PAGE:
The Best Tomatoes on Planet Earth
Growing Tomatoes In Extreme Heat
If you live in where the summer time temps stay around 95 or hotter all summer long then here are a few tips that will help you get the most from your tomato plants .
I recommend that you forget starting your seeds in late April or early May and start them in February. Start them indoors in a nice sunny window then move them outside once the night time temps consistently stay 57 degrees or warmer. In a lot of areas you'll be able to move your seedlings outside in late April or Early May which give so you a jump on the heat.
Once they are transplanted outside it's a good idea to put a lot of mulch around the bottom of each plant. This will keep the soil from heating up and keep it from drying out so fast. Give them a deep thorough watering at least 1 to 2 times (depending on where you live) a week, this will encourage the roots to grow deep down where the soil is cool. Also building some kind of shade for your tomato plants when the heat is at its most extreme in the middle of the day will add some protection.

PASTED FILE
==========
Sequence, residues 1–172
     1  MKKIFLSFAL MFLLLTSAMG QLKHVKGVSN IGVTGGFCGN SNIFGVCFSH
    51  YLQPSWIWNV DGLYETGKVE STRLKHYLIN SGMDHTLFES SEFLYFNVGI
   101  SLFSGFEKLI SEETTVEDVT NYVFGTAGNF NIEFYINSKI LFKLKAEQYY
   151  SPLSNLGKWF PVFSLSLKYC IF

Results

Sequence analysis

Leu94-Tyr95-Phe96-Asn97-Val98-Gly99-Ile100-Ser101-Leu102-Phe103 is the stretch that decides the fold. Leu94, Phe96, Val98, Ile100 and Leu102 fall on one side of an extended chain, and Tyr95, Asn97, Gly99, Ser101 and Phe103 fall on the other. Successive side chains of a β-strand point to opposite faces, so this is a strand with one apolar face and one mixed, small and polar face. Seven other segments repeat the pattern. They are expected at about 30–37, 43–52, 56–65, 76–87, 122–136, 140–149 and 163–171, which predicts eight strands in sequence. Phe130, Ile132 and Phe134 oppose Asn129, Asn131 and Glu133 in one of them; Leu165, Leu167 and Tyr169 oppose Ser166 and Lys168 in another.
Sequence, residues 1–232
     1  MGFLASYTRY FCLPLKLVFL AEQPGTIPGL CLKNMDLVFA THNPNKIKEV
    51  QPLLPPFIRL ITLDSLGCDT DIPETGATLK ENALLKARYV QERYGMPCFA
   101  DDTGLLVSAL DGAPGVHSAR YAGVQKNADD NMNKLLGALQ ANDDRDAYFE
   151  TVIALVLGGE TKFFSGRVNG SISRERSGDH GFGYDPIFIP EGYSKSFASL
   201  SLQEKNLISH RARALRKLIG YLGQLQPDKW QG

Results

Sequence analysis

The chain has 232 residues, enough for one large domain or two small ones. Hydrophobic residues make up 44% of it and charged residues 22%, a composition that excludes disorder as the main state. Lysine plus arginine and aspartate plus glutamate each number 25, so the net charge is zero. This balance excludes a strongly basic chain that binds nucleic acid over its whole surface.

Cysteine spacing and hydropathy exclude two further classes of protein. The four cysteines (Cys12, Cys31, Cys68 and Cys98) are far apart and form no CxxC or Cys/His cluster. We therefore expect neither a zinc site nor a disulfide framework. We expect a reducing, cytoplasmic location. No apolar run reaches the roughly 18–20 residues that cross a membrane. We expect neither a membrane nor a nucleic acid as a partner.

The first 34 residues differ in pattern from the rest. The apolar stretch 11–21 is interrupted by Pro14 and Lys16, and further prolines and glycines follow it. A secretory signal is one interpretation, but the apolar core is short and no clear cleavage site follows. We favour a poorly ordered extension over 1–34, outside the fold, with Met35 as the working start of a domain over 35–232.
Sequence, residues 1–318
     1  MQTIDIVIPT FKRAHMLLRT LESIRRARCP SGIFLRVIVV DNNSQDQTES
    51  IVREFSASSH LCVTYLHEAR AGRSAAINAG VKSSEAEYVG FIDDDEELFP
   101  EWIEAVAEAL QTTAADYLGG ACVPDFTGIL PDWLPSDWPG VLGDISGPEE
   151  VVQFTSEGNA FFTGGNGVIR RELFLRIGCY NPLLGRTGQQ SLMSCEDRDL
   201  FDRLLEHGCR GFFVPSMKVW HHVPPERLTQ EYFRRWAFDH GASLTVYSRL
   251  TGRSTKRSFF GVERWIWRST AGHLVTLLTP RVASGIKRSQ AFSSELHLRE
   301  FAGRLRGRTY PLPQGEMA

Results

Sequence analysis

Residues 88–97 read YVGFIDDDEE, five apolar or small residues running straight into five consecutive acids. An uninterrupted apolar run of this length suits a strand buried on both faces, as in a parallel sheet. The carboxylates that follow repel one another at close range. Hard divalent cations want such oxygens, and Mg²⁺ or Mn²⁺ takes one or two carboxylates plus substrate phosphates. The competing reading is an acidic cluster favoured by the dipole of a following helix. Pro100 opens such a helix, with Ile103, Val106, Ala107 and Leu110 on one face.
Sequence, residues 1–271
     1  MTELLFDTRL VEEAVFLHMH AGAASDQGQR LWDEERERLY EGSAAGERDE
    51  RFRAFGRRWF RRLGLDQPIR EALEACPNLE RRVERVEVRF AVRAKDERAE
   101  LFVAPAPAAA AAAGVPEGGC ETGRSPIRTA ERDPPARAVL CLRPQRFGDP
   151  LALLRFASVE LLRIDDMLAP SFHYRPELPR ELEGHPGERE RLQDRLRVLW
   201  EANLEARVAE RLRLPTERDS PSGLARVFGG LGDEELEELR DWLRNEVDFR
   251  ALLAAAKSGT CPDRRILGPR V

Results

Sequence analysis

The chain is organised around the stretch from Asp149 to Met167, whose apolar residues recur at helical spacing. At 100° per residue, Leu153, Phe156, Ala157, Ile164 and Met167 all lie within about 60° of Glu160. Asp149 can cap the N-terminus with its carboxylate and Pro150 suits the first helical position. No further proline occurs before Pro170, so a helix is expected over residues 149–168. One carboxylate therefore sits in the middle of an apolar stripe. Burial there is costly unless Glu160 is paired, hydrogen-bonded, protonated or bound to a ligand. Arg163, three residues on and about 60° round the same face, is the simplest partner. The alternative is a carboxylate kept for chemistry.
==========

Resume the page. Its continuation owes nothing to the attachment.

Tomato plants love full sun when temperatures stay anywhere from 80 to 90 degrees but when the heat rises and your plants become heat stressed and one of the first signs you'll encounter will be blossoms dropping off. Temperature alone can also affect tomato fruits. When daytime temperatures sore to 95 degrees, tomatoes stop producing red pigment, so may ripen to orange. When they exceed 100 degrees and nighttime temperatures are in the 80s, the ripening process will slows down, and tomatoes seem to stop maturing. If you've got a heat wave headed your way it might a good idea to pick the fruits that are close to being ripe and let them ripen inside so you don't loose them to sun scald.
Once the temperatures are over 95 degrees and your plants stop producing you can trim them back and hope that they will pick up where they left off once the temperatures cool down. If you keep them watered in most cases they will make a comeback and provide you with tomatoes until the first frost sets in.
This wont guarantee that you'll save all your plants but through trial and error you will find out what works best for your tomato plants in your climate.